Diagnosing Convergence

  • Christian P. Robert
  • George Casella
Part of the Springer Texts in Statistics book series (STS)


In previous chapters, we have presented the theoretical foundations of MCMC algorithms and showed that, under fairly general conditions, the chains produced by these algorithms are ergodic, or even geometrically ergodic. While such developments are obviously necessary, they are nonetheless insufficient from the point of view of the implementation of MCMC methods. They do not directly result in methods of controlling the chain produced by an algorithm (in the sense of a stopping rule to guarantee that the number of iterations is sufficient). In other words, while necessary as mathematical proofs of the validity of the MCMC algorithms, general convergence results do not tell us when to stop these algorithms and produce our estimates. For instance, the mixture model of Example 10.18 is fairly well behaved from a theoretical point of view, but Figure 10.3 indicates that the number of iterations used is definitely insufficient.


Markov Chain Stationary Distribution Gibbs Sampler Importance Sampling Transition Kernel 
These keywords were added by machine and not by the authors. This process is experimental and the keywords may be updated as the learning algorithm improves.


Unable to display preview. Download preview PDF.

Unable to display preview. Download preview PDF.


  1. Hastings, W. (1970). Monte Carlo sampling methods using Markov chains and their application. Biometrika, 57: 97–109.zbMATHCrossRefGoogle Scholar
  2. Geweke, J. (1992). Evaluating the accuracy of sampling-based approaches to the calculation of posterior moments (with discussion). In Bernardo, J., Berger, J., Dawid, A., and Smith, A., editors, Bayesian Statistics 4, pages 169–193. Oxford University Press, Oxford.Google Scholar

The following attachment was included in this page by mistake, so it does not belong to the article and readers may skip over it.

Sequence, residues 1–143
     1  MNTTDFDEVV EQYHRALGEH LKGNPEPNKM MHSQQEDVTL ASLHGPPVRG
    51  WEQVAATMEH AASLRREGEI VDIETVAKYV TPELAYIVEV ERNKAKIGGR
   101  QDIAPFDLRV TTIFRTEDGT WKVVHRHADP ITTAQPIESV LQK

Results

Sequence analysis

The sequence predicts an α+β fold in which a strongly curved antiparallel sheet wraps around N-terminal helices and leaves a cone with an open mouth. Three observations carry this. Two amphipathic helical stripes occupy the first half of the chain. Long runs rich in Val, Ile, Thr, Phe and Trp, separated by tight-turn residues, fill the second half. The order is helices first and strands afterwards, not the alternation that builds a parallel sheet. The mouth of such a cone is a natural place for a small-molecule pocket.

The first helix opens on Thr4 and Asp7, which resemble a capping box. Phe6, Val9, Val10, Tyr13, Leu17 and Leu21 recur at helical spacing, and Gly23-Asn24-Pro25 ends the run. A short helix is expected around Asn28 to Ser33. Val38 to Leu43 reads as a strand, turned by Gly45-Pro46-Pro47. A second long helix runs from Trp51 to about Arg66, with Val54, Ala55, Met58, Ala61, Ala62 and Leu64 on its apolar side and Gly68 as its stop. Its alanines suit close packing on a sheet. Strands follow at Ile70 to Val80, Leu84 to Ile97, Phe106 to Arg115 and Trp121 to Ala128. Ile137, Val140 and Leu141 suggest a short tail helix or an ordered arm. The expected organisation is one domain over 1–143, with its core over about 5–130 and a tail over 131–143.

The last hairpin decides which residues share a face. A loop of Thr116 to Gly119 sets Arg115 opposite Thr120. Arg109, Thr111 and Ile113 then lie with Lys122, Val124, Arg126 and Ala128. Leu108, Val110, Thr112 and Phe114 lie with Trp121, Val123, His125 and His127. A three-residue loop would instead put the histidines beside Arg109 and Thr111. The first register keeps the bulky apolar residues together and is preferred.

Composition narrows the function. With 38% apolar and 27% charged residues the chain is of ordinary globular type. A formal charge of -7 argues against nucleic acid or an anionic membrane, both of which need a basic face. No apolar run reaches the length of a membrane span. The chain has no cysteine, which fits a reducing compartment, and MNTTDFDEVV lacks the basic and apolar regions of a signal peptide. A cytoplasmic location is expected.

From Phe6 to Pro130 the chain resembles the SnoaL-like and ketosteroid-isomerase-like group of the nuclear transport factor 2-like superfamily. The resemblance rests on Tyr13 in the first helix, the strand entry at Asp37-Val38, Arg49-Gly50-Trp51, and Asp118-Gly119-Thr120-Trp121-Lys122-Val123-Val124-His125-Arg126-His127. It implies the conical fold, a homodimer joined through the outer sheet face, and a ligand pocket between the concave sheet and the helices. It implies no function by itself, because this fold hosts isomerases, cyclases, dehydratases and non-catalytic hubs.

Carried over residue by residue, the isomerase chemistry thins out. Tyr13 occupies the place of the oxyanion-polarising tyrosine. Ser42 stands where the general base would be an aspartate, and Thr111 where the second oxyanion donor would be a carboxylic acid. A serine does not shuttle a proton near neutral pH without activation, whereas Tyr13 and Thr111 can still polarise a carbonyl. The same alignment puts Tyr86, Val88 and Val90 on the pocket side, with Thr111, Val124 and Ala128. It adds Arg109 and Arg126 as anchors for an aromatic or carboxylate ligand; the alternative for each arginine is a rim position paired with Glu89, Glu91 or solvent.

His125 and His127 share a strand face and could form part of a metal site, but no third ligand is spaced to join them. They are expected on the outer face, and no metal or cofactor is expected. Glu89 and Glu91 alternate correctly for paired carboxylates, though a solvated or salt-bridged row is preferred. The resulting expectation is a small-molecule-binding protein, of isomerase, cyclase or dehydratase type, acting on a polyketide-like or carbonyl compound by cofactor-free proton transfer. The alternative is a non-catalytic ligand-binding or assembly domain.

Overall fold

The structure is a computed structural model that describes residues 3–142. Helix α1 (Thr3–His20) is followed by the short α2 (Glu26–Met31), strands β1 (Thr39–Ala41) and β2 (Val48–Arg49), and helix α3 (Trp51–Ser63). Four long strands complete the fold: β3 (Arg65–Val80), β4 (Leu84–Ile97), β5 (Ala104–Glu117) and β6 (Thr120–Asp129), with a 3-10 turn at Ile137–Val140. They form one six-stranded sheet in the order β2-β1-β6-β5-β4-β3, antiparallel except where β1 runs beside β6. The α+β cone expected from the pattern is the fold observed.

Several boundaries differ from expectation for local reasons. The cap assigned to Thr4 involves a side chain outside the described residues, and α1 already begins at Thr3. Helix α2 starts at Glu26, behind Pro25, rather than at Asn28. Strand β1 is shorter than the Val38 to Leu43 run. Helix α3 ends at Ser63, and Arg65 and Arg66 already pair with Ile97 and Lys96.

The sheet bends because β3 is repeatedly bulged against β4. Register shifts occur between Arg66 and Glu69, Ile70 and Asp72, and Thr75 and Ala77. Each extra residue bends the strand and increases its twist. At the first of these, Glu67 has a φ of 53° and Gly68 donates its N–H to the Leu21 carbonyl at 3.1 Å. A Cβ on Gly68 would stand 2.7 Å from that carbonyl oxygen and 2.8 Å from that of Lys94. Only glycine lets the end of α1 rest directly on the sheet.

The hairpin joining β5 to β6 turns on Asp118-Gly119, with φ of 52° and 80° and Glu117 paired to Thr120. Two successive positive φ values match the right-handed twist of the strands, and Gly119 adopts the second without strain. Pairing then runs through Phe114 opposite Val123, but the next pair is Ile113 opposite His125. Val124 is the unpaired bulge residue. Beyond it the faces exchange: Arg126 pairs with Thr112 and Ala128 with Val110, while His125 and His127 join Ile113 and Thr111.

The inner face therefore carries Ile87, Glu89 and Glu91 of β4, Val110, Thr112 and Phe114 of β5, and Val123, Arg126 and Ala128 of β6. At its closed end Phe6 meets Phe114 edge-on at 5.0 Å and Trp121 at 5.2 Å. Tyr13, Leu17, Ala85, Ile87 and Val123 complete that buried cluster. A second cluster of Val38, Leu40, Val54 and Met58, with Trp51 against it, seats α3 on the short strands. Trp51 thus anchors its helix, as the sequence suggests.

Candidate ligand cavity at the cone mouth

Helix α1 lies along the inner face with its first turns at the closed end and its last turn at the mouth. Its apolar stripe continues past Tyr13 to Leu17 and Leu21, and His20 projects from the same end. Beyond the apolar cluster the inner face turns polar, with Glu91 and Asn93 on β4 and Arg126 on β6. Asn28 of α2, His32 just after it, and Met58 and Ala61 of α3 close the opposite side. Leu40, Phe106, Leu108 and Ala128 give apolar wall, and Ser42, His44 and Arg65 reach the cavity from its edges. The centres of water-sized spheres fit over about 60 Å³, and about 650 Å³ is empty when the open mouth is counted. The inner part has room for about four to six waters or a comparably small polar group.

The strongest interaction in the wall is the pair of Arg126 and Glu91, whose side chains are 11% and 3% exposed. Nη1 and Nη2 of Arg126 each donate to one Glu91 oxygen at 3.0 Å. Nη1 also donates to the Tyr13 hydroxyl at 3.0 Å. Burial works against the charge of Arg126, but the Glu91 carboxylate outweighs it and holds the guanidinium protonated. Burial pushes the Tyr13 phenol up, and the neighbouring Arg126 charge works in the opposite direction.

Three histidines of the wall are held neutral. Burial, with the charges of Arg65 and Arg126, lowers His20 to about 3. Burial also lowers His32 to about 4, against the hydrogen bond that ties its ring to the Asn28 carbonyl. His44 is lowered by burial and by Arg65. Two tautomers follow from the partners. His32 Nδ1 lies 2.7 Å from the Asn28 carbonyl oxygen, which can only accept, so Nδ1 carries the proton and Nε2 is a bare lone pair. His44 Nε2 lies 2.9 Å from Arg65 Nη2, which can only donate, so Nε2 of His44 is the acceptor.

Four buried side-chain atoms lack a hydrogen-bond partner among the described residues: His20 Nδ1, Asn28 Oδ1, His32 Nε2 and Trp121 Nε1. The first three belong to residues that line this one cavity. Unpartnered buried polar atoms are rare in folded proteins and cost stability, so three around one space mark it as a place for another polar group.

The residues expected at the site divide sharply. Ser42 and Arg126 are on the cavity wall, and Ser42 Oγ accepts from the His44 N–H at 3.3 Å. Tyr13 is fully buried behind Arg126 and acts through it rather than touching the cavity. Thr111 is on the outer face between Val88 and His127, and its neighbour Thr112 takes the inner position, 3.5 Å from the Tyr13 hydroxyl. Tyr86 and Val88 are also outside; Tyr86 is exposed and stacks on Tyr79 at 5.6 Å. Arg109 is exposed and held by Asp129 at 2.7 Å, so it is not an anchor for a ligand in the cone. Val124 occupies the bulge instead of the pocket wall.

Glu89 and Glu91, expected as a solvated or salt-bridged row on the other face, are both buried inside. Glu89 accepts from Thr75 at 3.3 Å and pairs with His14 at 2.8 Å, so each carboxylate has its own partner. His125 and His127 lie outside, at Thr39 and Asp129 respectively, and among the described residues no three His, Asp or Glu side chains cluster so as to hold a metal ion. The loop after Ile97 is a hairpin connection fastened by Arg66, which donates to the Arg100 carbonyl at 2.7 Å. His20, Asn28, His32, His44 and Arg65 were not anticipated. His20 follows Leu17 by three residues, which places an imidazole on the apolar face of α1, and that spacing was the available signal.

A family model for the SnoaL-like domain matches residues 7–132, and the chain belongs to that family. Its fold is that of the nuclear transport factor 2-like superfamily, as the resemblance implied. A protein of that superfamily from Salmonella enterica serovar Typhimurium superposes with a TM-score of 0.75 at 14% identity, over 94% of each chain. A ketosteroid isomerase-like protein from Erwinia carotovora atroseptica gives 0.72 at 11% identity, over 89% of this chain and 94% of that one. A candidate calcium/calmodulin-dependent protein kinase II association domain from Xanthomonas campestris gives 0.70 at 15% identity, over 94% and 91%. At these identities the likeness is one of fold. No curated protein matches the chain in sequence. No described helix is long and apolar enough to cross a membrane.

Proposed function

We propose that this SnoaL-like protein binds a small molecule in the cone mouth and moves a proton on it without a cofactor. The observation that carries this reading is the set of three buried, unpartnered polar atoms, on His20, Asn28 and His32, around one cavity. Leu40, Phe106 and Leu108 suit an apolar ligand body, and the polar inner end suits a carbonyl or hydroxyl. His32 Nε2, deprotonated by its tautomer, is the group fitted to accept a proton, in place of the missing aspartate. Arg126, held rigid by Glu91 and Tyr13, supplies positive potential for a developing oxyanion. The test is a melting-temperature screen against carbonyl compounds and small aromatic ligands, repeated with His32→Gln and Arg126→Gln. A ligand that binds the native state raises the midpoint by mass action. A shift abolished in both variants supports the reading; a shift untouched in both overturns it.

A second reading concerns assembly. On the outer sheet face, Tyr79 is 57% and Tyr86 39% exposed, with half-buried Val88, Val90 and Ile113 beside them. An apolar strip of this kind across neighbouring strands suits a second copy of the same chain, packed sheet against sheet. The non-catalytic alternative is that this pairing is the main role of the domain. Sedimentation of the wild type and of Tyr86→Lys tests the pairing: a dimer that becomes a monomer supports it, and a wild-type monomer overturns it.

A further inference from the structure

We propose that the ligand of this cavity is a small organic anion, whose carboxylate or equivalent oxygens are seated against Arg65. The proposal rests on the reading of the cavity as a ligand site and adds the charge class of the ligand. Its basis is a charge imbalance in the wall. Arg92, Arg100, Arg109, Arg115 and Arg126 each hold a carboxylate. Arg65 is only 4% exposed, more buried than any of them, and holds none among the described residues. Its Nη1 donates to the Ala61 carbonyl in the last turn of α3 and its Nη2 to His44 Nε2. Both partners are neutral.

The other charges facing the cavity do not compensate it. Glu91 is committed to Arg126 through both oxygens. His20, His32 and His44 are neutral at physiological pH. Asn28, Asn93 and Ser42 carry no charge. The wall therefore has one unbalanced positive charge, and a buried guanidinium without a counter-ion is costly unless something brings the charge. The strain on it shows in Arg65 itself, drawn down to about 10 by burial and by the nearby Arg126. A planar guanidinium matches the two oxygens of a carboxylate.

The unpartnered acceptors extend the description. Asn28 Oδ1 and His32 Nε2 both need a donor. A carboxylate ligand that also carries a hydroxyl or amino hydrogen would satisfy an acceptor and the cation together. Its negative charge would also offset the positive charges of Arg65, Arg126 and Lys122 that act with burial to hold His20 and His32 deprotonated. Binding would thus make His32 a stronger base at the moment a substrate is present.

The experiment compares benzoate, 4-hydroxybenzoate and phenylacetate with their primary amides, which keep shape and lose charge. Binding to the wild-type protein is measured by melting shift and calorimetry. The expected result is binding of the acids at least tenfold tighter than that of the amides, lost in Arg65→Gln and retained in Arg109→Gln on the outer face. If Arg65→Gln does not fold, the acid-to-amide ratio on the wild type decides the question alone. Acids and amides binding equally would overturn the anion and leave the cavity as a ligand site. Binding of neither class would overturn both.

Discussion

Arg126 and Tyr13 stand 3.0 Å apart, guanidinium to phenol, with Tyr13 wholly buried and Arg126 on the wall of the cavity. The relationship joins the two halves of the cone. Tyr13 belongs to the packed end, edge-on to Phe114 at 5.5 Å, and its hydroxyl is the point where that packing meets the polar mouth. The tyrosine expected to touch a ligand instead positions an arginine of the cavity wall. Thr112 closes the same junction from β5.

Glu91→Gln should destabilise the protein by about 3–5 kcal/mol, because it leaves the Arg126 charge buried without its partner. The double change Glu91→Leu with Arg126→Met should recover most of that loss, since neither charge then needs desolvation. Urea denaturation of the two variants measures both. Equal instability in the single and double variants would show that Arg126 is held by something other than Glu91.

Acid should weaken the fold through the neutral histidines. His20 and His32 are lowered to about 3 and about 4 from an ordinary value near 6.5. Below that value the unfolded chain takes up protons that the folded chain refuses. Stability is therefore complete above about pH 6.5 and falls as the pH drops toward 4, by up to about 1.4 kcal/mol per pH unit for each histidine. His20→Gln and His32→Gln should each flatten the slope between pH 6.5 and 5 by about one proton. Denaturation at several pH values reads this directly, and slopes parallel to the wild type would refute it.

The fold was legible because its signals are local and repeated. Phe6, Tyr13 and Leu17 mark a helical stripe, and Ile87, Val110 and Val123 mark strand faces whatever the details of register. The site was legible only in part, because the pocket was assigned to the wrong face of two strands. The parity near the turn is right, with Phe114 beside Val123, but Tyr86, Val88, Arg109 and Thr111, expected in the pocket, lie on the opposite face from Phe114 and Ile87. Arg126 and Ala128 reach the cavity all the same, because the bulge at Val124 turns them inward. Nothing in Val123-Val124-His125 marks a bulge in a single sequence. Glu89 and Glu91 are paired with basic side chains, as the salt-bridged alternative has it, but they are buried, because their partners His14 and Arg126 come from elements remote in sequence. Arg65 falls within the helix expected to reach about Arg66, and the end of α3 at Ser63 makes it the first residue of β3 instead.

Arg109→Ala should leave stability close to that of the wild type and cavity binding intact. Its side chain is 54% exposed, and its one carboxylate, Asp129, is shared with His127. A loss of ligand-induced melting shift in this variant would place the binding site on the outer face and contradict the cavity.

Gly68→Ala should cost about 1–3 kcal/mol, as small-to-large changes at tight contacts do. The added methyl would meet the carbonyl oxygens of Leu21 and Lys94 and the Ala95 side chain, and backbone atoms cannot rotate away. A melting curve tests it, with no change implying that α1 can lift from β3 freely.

3. Silverman, B. (1986). Density Estimation for Statistics and Data Analysis. Chapman and Hall, New York.zbMATHGoogle Scholar
  4. Spiegelhalter, D., Thomas, A., Best, N., and Gilks, W. (1995a). BUGS: Bayesian inference using Gibbs sampling. Technical report, Medical Research Council Biostatistics Unit, Institute of Public Health, Cambridge Univ.Google Scholar
  5. Heidelberger, P. and Welch, P. (1983). A spectral method for confidence interval generation and run length control in simulations. Comm. Assoc. Comput. Machinery, 24: 233–245.MathSciNetCrossRefGoogle Scholar
  6. Schruben, L., Singh, H., and Tierney, L. (1983). Optimal tests for initialization bias in simulation output. Operation. Research, 31: 1176–1178.Google Scholar
  7. Carlin, B. and Louis, T. (1996). Bayes and Empirical Bayes Methods for Data Analysis. Chapman and Hall, New York.zbMATHGoogle Scholar
  8. Brooks, S. and Roberts, G. (1998). Assessing convergence of Markov chain Monte Carlo algorithms Statistics and Computing, 8: 319–335.CrossRefGoogle Scholar
  9. Yu, B. and Mykland, P. (1998). Looking at Markov samplers through cusum path plots: A simple diagnostic idea. Statistics and Computing 8(3):275286.Google Scholar

Copyright information

© Springer Science+Business Media New York 2004

Authors and Affiliations

  • Christian P. Robert
    • 1
  • George Casella
    • 2
  1. 1.CEREMADEUniversité Paris DauphineParis Cedex 16France
  2. 2.Department of StatisticsUniversity of FloridaGainesvilleUSA

Personalised recommendations